National Gallery of Canada / Musée des beaux-arts du Canada

Annual Bulletin 6, 1982-1983 

Annual Index
Author & Subject

Click figure 14 here for an enlarged image

Four Sixteenth-Century Painted Enamels

by Philippe Verdier

Pages  1  |  2  |  3  |  4  |  5  

Pair of candlesticks, Master I. C., third quarter of the sixteenth century (25) (fig. 14)

A large number of enamels bear the initials "I. C.". On these candlesticks they appear under the flanges. The initials are thought to stand for "Jean Court." Is this the enameller Jean de Court, who was also an official painter and was greatly esteemed in the Valois court, judging by his high salary of 480 francs a year in the last period of his life, 1580-1585? (26) The domed base of the candlesticks was executed in repoussé, with twelve painted enamel ovals on a black background. On the first candlestick, the ovals portray the twelve labours of Hercules, and are based on the engravings that Heinrich Aldegrever executed in 1550 from his own drawings. (27) On the other candlestick, the ovals depict twelve gods and goddesses of Olympus, after the engravings of the Protestant artist Étienne Delaune, inspired by Italian compositions. The base of each candlestick is connected by a scotia to the flange, which is fixed and flat. One of the flanges is decorated with a procession of musician amorini accompanying a putto astride a billy goat (fig. 15a), after another engraving by the Master of the Die (Bartsch 36), copying a Raphael drawing. On the other flange, there is a similar procession of amorini escorting Cupid, a putto carried in triumph in a chariot drawn by two goats, after an engraving by the Master of the Die (Bartsch 37), reproducing a Raphael drawing (fig. 15b). Master I. C. took some liberties with respect to his models, made some additions and removed the wings from his amorini. (28) Above the flanges, a baluster stem supports the socket for the candle or resin torch. The flange edges are decorated with ova, punctuated by four masks, some with feather head-dresses like those of Indians. (29) The baluster stem is decorated with caryatids, heads of cherubs, a festoon and bunches of fruit. The upper part is painted with gilt arabesques on a blue background.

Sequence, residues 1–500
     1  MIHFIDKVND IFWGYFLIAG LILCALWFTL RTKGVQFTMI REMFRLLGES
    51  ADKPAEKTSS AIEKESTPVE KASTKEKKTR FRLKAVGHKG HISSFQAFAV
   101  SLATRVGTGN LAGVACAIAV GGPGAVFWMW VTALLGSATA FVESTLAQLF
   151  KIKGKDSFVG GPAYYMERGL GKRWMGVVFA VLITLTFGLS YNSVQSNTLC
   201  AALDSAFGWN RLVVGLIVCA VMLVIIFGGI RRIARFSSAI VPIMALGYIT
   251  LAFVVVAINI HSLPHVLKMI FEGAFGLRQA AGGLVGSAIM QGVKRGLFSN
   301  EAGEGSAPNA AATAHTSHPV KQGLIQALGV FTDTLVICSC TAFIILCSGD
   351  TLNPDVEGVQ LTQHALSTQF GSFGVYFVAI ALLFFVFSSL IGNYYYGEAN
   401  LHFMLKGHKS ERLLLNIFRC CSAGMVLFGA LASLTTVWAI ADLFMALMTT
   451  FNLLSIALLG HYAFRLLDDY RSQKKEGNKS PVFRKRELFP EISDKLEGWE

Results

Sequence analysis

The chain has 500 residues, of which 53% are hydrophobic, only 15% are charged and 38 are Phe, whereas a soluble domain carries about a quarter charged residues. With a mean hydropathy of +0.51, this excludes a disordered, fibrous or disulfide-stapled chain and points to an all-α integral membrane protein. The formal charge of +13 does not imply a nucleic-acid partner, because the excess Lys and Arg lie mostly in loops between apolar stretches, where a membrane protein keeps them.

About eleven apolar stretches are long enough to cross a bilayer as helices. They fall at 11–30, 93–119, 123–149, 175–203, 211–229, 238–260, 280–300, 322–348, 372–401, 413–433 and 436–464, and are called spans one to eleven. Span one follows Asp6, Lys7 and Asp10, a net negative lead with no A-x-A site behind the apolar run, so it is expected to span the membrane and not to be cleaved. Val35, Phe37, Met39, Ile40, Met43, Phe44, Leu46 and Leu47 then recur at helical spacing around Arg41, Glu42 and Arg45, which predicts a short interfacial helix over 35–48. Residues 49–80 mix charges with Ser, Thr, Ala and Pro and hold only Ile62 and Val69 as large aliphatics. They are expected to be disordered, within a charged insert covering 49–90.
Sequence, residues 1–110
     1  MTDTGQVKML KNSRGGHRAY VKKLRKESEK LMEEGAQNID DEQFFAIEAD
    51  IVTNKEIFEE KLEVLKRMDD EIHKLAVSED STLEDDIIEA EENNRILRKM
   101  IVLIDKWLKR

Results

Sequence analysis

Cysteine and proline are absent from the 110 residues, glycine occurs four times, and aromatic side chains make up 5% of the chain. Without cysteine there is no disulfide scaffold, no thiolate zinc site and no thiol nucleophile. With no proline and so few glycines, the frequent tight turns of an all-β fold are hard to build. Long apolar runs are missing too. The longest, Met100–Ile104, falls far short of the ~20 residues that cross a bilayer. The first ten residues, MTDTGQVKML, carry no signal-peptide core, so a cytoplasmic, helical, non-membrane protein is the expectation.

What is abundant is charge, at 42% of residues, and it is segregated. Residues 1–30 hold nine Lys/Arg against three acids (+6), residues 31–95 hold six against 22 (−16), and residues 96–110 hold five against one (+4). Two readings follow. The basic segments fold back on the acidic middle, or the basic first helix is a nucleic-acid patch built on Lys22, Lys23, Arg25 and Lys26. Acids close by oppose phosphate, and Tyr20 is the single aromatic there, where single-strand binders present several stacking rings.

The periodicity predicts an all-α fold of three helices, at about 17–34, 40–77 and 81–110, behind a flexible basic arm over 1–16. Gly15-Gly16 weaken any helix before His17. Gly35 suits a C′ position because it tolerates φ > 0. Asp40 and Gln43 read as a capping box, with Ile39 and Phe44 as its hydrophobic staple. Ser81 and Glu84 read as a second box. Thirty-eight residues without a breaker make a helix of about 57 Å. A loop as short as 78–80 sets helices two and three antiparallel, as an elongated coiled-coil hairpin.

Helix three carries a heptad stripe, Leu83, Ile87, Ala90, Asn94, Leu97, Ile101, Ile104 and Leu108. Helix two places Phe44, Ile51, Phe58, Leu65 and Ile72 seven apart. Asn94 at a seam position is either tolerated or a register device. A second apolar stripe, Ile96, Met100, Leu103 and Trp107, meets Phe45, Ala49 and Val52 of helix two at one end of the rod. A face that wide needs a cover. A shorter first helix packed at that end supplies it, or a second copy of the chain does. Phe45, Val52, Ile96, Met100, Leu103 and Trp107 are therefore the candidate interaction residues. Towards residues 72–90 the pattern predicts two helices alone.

This type of candlestick was still in use in France under Louis XIII (1601-1643). (30) The decoration on this pair constitutes a good example of the Limoges enamellers' use of engraved models and the combinations they created, for purely decorative purposes, using motifs drawn from all types of engravings. Three pairs of candlesticks signed I. C.," and a fourth pair from his studio appeared in the large exhibition at the South Kensington (now Victoria and Albert) Museum in 1862. (31) The embossed ovals of a single candlestick, in the Frick Collection in New York, feature six labours of Hercules alternating with six divinities, after the engravings by Heinrich Aldegrever and Étienne Delaune. The whereabouts of the other candlestick, with the twelve complementary designs, is unknown. (32) Two similar but incomplete candlesticks are in the Louvre. (33) Two bases of a similar pair are at the Musées royaux d'art et d'histoire in Brussels (nos 2238, a-b).

Next PageNotes 1 to 21

1  |  2  |  3  |  4  |  5

Top of this page

Home | Français | Introduction | History
Annual Index | Author & Subject | Credits | Contact

This digital collection was produced under contract to Canada's Digital Collections program, Industry Canada.

"Digital Collections Program, Copyright © National Gallery of Canada 2001"